This book is less about complex integration per se than it is about areas of mathematics where complex integration is a useful technique. It is a posthumous work of the author, who was at University College London and died in 2011.
The first chapter develops the basics of complex integrals and the Cauchy theorem, and shows how to evaluate several types of real integrals (but not infinite series) using them. It also uses contour integration to develop the theory of Fourier transforms and inverse transforms. The treatment is similar to what is found in introductory texts on complex variables, and is representative rather than comprehensive.
Chapters 2 and 3 deal with hypergeometric functions and with integral equations, respectively. These develop the basics of these subjects and show some applications. The amount of complex integration is relatively small. The most common technique is to use Laplace or Fourier transforms to convert the problem from an integral form to an algebraic form, and then use the Mellin transform or ad hoc complex integration to recover the solution to the original problems. Often there is some ingenuity applied to express the given problem as an integral first.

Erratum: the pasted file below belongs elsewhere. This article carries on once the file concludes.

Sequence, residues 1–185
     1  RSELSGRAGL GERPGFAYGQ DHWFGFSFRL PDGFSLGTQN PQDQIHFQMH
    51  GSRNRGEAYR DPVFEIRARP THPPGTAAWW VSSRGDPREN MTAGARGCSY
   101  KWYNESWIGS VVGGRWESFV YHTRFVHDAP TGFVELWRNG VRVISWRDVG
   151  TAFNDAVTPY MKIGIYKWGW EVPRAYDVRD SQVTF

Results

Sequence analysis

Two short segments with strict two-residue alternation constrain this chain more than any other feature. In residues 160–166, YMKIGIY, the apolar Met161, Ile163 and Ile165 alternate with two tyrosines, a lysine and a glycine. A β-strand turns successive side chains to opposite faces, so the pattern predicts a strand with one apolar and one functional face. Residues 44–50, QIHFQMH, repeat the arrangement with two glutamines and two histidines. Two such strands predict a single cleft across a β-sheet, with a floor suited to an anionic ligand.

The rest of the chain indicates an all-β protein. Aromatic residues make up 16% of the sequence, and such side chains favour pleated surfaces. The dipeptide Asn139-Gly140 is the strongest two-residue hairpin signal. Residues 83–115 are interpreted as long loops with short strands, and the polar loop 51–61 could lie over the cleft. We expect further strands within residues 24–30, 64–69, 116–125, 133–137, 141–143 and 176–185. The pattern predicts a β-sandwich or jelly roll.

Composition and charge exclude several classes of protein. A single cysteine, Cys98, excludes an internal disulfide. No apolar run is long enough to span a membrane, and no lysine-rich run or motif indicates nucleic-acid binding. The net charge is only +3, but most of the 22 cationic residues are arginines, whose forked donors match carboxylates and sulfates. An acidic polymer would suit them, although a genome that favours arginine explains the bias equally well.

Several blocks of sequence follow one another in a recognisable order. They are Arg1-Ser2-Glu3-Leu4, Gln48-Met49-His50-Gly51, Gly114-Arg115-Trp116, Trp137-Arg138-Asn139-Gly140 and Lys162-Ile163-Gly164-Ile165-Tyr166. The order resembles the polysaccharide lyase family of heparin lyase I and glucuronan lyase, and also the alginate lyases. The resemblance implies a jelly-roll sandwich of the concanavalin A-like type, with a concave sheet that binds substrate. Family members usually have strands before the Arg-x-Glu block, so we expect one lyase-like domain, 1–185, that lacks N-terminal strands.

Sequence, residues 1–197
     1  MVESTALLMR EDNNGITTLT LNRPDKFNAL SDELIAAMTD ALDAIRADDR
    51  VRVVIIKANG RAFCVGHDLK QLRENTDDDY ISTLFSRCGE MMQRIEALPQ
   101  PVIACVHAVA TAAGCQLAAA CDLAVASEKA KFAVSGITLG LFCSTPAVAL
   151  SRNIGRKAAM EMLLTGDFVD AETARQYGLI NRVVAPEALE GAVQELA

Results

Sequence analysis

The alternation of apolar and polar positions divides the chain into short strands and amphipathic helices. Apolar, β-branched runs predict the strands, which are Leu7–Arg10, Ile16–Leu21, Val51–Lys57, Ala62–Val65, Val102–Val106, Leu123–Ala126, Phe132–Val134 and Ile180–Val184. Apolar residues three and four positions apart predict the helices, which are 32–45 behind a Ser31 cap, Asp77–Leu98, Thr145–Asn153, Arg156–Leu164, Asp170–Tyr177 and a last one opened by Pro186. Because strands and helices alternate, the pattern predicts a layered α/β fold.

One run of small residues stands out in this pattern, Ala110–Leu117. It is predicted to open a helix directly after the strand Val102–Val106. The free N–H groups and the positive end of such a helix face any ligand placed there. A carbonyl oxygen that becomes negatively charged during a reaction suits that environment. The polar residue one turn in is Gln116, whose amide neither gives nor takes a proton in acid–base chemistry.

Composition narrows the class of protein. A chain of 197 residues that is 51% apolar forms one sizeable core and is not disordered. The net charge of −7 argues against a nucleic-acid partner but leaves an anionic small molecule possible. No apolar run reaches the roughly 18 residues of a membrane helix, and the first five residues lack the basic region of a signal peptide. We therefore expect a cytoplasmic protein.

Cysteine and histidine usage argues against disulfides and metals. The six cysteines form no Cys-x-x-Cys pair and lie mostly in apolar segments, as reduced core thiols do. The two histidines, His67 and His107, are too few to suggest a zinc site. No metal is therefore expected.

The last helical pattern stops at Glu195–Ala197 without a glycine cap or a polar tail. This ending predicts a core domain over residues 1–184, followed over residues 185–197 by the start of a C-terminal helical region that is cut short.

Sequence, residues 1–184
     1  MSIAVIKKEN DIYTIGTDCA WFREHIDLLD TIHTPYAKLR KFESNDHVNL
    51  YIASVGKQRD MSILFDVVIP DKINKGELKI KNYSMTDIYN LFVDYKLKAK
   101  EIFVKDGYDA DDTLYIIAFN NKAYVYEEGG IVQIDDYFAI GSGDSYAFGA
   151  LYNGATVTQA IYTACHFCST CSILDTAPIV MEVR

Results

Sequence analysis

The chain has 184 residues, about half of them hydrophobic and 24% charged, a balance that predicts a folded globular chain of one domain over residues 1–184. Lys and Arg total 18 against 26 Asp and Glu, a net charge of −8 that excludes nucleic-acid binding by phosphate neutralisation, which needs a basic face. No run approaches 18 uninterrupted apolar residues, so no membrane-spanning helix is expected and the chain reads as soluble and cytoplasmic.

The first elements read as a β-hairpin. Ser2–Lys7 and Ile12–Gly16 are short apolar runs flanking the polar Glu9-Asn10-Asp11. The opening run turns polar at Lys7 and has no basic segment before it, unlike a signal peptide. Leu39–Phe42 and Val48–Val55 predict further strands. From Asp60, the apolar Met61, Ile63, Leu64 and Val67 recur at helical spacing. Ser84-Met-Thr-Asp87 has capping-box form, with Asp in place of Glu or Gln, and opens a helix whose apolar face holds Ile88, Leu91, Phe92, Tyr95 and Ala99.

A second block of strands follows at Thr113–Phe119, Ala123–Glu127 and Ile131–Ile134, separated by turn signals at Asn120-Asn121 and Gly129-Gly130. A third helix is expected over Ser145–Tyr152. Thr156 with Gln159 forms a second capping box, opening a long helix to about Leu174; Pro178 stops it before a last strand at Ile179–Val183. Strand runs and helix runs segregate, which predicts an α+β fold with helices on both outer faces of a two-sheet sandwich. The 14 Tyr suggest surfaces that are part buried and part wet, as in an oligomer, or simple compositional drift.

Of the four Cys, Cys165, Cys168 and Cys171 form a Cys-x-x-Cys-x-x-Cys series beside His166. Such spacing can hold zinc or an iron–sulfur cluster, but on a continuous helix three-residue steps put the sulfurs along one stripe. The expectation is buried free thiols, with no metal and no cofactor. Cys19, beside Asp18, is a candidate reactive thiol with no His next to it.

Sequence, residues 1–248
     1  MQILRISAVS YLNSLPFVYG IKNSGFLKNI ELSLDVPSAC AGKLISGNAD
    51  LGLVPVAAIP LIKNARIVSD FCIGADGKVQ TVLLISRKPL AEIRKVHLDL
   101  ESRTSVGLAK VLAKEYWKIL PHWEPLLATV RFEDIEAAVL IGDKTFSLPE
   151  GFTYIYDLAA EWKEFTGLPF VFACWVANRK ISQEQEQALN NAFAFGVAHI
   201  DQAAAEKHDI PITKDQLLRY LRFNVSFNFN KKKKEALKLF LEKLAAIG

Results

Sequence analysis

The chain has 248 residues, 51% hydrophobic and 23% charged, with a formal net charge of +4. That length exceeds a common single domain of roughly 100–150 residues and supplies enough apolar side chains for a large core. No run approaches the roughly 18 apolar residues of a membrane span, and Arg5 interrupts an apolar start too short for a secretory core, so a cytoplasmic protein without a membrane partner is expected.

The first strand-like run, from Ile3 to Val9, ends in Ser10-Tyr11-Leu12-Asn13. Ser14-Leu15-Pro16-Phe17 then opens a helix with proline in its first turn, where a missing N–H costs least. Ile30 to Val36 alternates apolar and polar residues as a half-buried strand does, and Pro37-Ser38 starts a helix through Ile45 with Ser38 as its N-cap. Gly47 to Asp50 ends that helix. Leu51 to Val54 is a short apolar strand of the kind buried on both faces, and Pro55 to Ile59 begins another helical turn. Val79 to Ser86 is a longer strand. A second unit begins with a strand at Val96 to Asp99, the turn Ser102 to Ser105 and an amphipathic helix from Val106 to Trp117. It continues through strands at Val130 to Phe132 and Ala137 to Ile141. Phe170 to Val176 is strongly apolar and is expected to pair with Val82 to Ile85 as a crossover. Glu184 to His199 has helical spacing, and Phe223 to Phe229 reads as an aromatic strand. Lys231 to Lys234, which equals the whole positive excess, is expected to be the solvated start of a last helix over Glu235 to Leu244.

Chapter 4 deals with orthogonal polynomials. This is done in some generality, with specializations to the functions of mathematical physics. Complex integration makes only a brief appearance here, in the use of the Schläfli integral to represent the polynomial.
The book is aimed at physics undergraduates, but has a good level of rigor and would also be useful for math majors interested in these subjects. There is a set of representative exercises and the end of each chapter, with complete solutions in the back of the book.
Bottom line: well-written and logical, but with a small percentage of complex integration.
Allen Stenger is a math hobbyist and retired software developer. He is webmaster for the MAA Southwestern Section and is an editor of the Missouri Journal of Mathematical Sciences. His mathematical interests are number theory and classical analysis.